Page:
Use the pastry to line the flan tins. Try not to stretch the pastry as you bring it up the sides of the tin otherwise it can get very thin and holey. Press the pastry into the corners and fluting of the tins – a ball of left over pastry is perfect for this. Trim the edges by rolling a rolling pin over the top of the tin so the pastry is cut on the edge of the tin. Then go around the edge of the tin and with your fingers gently push the pastry up the side of the tin so it sits a few millimetres higher than it. Prick the base all over with a fork (this stops the pastry bubbling). Put the pastry lined tins in the fridge for at least half an hour. If you can’t spare the time then pop them in the freezer for 10 minutes.
Preheat the oven to 200º C/fan 180ºC.
Bake the pastry cases blind for 20-25 minutes. To do this, cut out a square of baking parchment a few inches larger than the tin, scrunch up the paper, flatten out and scrunch again. Flatten out the paper and lay over the pastry, fill with ceramic baking beans, dried pulses or even copper coins. Doing this cooks the base so you don’t get a soggy bottom and the baking beans stop the sides from collapsing.
Remove the paper and baking beans and return to the oven for another 5 minutes. Take out of the oven and with a pastry brush, brush the pastry with one of the eggs (beaten) and return to the oven for 1-2 minutes. This egg layer means your pastry bottom really will not go soggy. Thank you Raymond Blanc for this tip!
Turn the oven down to 160 ºC/fan 140 ºc.
In a jug, beat together the eggs (and any remaining from the one used to coat the pastry), milk and cream with a generous amount of seasoning and some fresh herbs if available.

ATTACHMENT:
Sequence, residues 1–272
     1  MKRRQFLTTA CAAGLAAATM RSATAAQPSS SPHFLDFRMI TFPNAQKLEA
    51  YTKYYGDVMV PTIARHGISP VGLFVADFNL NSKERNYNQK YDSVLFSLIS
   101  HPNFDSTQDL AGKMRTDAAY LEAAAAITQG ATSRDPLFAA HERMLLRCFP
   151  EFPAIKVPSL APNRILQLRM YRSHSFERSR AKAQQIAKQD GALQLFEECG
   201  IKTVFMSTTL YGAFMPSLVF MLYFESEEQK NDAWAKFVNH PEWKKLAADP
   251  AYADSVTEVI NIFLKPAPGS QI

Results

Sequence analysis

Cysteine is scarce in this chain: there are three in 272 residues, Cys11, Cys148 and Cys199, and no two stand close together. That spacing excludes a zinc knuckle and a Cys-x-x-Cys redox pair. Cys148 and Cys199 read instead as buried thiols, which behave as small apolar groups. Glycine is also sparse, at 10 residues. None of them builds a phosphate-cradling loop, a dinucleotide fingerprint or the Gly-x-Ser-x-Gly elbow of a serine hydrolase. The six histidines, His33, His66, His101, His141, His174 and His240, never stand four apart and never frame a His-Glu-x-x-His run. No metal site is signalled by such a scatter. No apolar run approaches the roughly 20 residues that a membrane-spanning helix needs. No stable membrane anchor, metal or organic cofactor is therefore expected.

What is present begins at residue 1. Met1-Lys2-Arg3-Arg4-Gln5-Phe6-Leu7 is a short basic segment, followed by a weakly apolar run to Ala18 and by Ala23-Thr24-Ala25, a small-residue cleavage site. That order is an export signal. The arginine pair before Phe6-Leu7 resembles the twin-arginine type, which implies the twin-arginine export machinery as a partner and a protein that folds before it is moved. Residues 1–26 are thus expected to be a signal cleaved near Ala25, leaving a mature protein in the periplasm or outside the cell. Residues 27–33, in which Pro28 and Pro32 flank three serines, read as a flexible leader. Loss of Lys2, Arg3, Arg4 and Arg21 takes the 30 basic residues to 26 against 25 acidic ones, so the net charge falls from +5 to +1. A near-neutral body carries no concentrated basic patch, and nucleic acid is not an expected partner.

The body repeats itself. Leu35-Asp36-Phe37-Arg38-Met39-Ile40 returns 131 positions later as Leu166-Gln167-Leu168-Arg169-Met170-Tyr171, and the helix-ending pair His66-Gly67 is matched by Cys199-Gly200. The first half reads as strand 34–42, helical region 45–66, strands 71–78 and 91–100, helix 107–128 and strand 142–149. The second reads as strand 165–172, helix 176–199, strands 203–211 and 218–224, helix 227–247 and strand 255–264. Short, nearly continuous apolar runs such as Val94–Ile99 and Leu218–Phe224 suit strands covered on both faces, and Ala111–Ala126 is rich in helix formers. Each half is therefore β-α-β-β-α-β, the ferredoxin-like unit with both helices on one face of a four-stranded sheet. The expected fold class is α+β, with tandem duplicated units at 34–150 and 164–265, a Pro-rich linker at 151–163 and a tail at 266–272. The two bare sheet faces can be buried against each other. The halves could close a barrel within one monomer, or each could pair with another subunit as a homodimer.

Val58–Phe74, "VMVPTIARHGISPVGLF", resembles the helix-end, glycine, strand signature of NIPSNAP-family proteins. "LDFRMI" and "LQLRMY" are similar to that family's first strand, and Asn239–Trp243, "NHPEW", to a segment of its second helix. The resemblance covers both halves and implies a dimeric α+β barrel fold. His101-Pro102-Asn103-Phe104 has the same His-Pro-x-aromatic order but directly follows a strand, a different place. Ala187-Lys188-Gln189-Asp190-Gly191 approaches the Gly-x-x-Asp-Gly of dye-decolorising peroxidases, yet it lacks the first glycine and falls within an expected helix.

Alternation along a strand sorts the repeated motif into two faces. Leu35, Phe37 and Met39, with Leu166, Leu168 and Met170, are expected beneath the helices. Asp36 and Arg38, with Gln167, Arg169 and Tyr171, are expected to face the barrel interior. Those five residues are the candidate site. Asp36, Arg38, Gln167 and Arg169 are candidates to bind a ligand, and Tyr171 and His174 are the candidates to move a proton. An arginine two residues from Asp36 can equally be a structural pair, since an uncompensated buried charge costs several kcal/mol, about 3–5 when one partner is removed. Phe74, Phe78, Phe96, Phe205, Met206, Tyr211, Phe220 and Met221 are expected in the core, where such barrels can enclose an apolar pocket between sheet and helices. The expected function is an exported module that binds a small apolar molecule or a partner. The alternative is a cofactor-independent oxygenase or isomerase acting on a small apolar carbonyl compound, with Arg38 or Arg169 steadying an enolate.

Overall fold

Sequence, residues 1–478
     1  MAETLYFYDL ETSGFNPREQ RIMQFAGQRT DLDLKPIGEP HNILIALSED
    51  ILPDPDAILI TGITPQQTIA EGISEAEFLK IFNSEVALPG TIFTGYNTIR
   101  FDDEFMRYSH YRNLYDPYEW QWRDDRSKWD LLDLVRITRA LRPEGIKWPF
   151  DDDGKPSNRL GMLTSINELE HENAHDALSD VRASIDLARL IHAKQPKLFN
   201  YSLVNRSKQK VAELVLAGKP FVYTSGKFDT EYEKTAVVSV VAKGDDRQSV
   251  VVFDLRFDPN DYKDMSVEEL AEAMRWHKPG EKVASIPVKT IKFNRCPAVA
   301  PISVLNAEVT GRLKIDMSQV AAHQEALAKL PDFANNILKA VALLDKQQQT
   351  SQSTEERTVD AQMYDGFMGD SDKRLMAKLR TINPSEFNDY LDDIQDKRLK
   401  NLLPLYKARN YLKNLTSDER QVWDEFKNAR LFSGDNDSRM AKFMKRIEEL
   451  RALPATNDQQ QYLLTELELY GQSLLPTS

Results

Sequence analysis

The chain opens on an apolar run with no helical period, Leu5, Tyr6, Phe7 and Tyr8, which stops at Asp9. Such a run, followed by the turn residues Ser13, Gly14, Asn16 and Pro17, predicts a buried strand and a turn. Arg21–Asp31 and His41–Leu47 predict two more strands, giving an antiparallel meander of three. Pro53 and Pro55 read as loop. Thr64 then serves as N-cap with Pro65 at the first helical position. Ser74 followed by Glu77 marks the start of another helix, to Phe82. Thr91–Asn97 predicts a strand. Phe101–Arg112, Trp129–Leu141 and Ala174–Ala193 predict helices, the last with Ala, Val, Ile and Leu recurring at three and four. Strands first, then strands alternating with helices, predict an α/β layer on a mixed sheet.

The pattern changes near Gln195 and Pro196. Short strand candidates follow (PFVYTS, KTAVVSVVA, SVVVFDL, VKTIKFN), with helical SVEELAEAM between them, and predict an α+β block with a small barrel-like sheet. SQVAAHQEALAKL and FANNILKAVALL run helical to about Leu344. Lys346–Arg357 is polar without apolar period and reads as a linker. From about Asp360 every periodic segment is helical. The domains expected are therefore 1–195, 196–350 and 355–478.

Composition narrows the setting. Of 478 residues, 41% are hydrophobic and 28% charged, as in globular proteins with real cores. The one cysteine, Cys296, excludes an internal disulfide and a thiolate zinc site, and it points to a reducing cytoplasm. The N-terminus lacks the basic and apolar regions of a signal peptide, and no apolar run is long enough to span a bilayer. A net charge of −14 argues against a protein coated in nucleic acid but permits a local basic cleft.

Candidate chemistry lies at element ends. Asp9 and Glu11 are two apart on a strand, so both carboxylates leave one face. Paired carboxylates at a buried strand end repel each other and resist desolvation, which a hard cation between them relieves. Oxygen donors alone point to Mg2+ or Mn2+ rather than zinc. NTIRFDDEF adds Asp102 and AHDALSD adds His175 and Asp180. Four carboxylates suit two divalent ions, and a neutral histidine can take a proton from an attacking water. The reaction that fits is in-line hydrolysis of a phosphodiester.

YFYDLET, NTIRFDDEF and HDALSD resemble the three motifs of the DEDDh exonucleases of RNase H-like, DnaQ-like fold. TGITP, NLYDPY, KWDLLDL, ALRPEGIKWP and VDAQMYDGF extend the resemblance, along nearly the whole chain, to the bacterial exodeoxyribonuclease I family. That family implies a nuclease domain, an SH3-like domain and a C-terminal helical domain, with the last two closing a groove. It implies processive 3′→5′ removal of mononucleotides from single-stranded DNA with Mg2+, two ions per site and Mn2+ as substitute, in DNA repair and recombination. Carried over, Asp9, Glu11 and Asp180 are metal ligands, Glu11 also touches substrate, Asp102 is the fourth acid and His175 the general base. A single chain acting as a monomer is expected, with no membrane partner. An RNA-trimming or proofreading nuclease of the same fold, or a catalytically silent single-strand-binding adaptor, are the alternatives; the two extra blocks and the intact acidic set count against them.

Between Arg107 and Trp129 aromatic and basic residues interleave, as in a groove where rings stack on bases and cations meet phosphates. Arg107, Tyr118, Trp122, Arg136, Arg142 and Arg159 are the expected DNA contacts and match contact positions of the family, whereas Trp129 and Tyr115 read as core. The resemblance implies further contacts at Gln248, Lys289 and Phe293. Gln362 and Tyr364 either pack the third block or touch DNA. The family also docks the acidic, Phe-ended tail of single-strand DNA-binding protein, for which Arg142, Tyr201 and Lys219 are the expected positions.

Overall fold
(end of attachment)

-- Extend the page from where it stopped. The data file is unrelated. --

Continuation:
In the pre-cooked pastry case, evenly spread the asparagus tips and slices of the cheese. Pour over the egg/milk mixture and carefully put in the oven on a middle shelf. Do not spill any egg mixture over the edge of the pastry case otherwise it will be impossible to get out.
Cook at this lower temperature for 20-25 minutes for the individual tarts and 25-30 minutes for the larger tart. The centre of the tart should be just set but still have a little wobble. Cool the quiche in the tin for at least 15 minutes before removing and eating.
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May 14, 2014 by sarah
Having just come back from foreign climes, where the environment is much more arid than home, means I am fully reveling in the luscious greenness that is May in England. No dusty or faded colours paint the landscape green here. It is as if everything has been slapped with the freshest glossiest paint of every green shade imaginable. The frothy lace of cow slips fills the gap between hedge and path and hawthorn blossoms drip from every branch above and delicately fragrances the air. It seems I am not the only one rejoicing in the fullness of Spring; every little bird is singing at the top of his little voice as he flits from bush to bush busying himself with household chores. And the cows are chasing us along the footpath, though as I turn to confront them the breaks are applied so suddenly as to make the ground thunder under their hooves. What joys!
We are incredibly lucky to be living near one of the best bluebell woodlands in the country at Ashridge Estate. My heart was beating with anticipated excitement as we drove through the prettiest little village of Aldbury to get to Ashridge. And then it gave a little skip as we turned a corner on the path and there was the most amazing surreal blue sea spread out below the fresh young green of the tall beech trees. There was a fantastic display this year and yet every year it surprises me at how blue it all is. In another week or two it will be just a memory again.